But there have been many times when I've thought my life would be simpler, my practice fuller, if I looked like everyone else.

Shifra: It's never simple though - there is always shabbos - the birthday cake you can't eat... whether your head is covered or not it's just not possible to completely fit in - and I think that's intentional.
If you live in a cloistered community where you never have to deal with anyone who is not one of your own it's not big deal but it's not so easy in the "real world."

PT: I think it is very much intentional. You can't go out to eat with them and you can't go drinking with them on Friday nights, and there's much less chance of you dating and marrying one that way. The laws of kashruth are meant to keep us separate.

You're right, frummies in NY have no concept of what it's like in "the real world".

Shifra: This modern integrated societal mix is a relatively new thing even on a global level and America is probably the most diverse cultural community on earth.
Then again Jews have always been the minority (even as they lived seperately in their little shtetlach) within the homogenious cultures that surrounded them...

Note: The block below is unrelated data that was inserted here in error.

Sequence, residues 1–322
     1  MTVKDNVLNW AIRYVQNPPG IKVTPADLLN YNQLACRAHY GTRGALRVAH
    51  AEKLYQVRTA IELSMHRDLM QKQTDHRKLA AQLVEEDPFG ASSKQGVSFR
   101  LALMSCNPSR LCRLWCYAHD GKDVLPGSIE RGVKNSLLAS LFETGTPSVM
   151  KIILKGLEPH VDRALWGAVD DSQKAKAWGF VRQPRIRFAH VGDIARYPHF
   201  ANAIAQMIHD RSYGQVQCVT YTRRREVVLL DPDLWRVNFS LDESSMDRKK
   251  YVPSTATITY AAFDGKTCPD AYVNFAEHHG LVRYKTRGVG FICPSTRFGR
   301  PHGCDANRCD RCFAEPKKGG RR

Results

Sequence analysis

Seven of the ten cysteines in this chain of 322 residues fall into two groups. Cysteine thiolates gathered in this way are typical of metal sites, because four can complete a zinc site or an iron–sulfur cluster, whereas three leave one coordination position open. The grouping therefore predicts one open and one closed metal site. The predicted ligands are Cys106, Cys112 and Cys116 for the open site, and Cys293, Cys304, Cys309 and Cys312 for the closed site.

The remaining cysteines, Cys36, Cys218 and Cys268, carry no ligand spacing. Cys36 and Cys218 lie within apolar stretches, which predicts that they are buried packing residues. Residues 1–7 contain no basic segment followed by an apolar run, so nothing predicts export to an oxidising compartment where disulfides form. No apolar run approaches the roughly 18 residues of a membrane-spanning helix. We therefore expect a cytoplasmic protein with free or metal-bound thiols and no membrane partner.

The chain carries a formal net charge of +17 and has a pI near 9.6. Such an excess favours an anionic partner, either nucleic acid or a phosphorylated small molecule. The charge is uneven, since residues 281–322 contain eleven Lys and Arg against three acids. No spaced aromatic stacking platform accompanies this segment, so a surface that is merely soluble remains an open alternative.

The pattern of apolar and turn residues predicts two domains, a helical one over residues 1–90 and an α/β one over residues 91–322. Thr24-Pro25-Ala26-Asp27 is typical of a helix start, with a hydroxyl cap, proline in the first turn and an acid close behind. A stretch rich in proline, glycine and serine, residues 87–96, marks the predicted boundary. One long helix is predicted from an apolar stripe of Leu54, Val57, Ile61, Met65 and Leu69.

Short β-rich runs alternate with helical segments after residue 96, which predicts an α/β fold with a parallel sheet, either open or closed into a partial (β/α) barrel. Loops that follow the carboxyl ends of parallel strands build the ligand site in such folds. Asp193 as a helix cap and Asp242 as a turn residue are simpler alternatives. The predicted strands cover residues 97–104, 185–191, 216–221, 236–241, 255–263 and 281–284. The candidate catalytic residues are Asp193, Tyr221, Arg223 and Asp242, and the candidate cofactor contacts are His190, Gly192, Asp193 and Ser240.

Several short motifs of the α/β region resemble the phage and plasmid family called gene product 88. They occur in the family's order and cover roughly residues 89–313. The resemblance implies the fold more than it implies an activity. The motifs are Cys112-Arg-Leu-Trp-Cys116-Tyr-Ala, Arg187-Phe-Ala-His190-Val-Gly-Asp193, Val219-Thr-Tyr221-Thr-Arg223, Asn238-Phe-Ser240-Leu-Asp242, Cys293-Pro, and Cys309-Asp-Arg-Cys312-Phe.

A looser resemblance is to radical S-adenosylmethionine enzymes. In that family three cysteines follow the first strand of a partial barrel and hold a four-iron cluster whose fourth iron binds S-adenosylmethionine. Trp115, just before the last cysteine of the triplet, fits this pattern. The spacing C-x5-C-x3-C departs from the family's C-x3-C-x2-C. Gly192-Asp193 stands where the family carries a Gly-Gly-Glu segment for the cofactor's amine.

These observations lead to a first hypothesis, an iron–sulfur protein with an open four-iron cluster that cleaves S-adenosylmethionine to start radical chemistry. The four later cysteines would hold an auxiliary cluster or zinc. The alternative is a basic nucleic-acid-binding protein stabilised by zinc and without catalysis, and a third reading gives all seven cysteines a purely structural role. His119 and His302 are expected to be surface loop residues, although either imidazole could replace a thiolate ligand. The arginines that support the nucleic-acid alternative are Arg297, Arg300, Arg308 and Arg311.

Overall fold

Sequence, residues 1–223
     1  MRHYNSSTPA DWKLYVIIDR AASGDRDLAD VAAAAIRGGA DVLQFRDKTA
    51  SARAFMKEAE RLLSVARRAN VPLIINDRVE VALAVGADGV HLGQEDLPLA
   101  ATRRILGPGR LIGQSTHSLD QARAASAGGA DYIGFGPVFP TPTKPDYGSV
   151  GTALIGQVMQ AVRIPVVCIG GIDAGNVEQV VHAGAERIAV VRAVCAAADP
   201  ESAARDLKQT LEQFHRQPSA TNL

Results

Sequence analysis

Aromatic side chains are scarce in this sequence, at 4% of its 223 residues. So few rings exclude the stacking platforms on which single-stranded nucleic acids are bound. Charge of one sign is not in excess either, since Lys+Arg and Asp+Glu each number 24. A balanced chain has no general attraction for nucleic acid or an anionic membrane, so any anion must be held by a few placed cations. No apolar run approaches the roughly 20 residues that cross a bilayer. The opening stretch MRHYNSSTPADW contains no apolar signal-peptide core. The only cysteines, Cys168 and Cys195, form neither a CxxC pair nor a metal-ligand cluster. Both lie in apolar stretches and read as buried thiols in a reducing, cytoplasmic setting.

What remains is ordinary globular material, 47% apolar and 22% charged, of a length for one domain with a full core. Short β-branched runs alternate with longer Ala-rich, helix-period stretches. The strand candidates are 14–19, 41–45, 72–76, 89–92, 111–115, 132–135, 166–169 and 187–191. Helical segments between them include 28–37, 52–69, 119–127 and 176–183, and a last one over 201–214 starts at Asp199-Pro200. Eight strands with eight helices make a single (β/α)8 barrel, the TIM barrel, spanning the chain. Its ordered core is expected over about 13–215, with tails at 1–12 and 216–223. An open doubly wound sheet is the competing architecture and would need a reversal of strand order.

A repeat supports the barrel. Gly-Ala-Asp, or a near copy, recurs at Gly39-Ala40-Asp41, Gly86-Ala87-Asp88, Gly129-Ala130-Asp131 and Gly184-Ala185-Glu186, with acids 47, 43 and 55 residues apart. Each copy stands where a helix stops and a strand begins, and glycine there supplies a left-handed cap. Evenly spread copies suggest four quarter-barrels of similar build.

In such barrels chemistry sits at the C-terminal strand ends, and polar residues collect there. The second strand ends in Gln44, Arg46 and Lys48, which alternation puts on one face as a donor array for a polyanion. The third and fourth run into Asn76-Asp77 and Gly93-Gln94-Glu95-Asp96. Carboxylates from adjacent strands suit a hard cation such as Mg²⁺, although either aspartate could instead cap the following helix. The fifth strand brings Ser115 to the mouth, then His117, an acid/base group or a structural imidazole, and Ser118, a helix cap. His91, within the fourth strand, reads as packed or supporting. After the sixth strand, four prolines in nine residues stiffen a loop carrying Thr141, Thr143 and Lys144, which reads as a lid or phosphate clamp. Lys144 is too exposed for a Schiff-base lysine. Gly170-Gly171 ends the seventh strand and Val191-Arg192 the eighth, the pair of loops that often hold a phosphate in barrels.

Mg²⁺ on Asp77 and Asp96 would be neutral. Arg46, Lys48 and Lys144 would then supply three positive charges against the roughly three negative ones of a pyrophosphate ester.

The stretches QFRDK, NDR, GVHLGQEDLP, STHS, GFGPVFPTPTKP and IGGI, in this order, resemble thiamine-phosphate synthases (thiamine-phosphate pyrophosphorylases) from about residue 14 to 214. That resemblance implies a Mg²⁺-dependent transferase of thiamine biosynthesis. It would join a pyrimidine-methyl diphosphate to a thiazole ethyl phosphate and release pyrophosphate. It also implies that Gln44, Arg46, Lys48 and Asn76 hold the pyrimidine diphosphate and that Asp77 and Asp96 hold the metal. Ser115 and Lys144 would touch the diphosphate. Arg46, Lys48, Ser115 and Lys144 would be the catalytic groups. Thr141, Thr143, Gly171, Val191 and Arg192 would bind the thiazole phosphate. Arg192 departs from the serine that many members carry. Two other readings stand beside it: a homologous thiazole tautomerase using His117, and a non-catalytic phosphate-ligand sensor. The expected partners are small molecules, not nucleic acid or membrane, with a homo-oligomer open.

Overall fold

Hmmm lots to think about. I wonder if I'm only making sense in my own head now...

PT: It's good.

Shifra: How are OJ's really supposed to live? As oddballs in the real world - making kiddushea hashem whenever possible - or in an insulated community free of outside rule and influence?

PT: This is the big debate, no? Sit in learn in Kollel all day or get a job? Live in the real world or stay in Lakewood? Read the Newspaper or stick your head in the ground? You probably can figure out where I stand. I believe we were put here to be a light to the nations, a moral compass, and we can't do that if we cross the street every time we see a goy coming our way. Some people believe that there's nothing to be gained from exposure to the outside world other than corruption. But to me, then, what is the point? Why did hashem make goyim? We're not like the Islamists, trying to convert the world. They belong here as much as we. We have a role. Some say that role is to sit in beis medresh and keep the fires of torah burning. I think that serves only us. Unless you think there's some "mystical" power to the beis medresh. But that's just too hocus-pocus for me.

No, we're here to mingle and yet maintain our special purpose.

Shifra: And yet it's amazing though how the whole concept of "tikkun olam" and "or la'goyim" have become such foreign notions among the Orthodox.